Book reviews: Amped and No Humans Involved

Amped, by Daniel H. Wilson

This is a tale about discrimination. It’s futuristic and pseudo-apocalyptic, but at the heart of it, it’s about people who are different and the people who are scared of them.

“Amps” are people who have been implanted with upgrades, turning them into super-smart, super-strong individuals. The implants meld entirely with the brain, meaning there becomes a questions as to where the person ends and the machine begins – and what this means for their humanity. Amps begin to lose their human rights, planting the seeds of civil war into the United States. Teacher Owen Gray, son of the implanter of these devices and an amp himself, finds himself in the crosshairs of this deadly revolution.

While I really liked the concept of the story, particularly the aspect of humanity and what makes us human (presumably, not trying to destroy other people because they are different), I found that overall the book left me with a big meh. My major problem is how rushed it was. Wilson creates this giant, fascinating world different but the same from ours, but does so with broad brushstrokes and left me feeling as though I was missing something. The action travels at a furious pace, but the character development was missing.

Maybe I’m just getting way too used to apocalyptic serials, but I felt this would have been a truly excellent beginning of one. As it was, the action was wrapped up quickly, without an appropriate sense of climax, I thought. Wilson may be sick of apocalyptic serials (and fair enough), so decided to try something different. I really liked the innovation, but wanted everything to slow down a little so I could savour it.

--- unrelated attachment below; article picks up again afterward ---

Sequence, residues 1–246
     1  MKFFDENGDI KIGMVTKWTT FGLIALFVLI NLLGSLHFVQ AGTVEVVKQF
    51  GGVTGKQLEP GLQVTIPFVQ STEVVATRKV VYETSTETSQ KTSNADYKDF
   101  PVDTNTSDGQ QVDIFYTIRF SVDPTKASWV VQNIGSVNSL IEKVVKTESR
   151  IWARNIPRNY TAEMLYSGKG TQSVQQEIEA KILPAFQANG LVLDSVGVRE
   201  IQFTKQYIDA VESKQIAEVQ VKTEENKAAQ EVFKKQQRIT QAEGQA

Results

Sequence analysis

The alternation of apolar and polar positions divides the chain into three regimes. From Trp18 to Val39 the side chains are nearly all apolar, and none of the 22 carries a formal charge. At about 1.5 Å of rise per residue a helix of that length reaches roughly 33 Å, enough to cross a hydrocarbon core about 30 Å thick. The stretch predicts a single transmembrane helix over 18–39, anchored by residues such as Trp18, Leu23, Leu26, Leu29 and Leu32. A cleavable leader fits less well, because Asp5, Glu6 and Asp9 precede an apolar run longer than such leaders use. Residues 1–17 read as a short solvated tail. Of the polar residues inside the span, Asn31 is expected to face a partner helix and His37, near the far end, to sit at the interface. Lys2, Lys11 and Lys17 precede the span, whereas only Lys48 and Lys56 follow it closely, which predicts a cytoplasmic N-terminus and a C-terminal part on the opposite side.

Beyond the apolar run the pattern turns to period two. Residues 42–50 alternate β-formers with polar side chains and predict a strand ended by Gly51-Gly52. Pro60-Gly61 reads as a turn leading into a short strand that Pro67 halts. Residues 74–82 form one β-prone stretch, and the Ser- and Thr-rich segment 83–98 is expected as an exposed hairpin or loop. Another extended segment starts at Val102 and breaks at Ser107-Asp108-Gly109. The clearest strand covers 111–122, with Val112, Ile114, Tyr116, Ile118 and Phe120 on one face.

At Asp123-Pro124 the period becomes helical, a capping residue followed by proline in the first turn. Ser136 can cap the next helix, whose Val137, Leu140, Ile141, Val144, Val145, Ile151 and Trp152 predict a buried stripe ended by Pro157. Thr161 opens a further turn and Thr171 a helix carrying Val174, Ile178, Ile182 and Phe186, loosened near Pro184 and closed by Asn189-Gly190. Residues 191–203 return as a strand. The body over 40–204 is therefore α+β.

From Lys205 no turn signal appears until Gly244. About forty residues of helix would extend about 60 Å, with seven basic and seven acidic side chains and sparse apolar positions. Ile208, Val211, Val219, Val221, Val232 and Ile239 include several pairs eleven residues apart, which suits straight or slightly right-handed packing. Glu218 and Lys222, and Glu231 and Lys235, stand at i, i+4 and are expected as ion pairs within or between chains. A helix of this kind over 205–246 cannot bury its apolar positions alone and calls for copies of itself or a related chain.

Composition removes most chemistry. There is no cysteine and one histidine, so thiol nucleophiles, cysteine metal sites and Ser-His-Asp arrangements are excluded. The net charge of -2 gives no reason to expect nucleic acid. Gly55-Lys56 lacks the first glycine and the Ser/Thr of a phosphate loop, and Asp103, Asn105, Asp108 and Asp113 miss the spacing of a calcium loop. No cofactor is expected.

No Humans Involved, by Kelley Armstrong

No Humans Involved follows necromancer Jaime Vegas as she tries to solve the murder of several murdered children, delving into the realm of human ritualistic sacrifice. She does so while trying to negotiate her way through the even more evil realm of Hollywood production, aiming to land her own TV show.

As her flirtation with Alpha werewolf Jeremy deepens into something more real, she also must decide what she is willing to risk in order to be with him.

This book is the seventh in Kelley Armstrong’s Women of the Otherworld series. Can I just say how much I love this series? Armstrong has the same premise as many authors out there – a supernatural world full of beautiful, fantastical people. But she does it so well.

And before most others. I believe the first book in this series, Bitten, was first published in 2003. I remember reading it and thinking: Yes! Armstrong can actually write, a big advantage she has over other authors in her genre.

It’s also more grown up, definitely not young adult, and the sex scenes are great. Not so graphic as to push it over to erotica, but certainly enough. I think these books just satisfy my desire for smart, fantastical romance. And how.

Word of the day:

Troglodyte: a prehistoric cave dweller; a person of degraded, primitive, or brutal character; a person living in seclusion; or a person unacquainted with affairs of the world.


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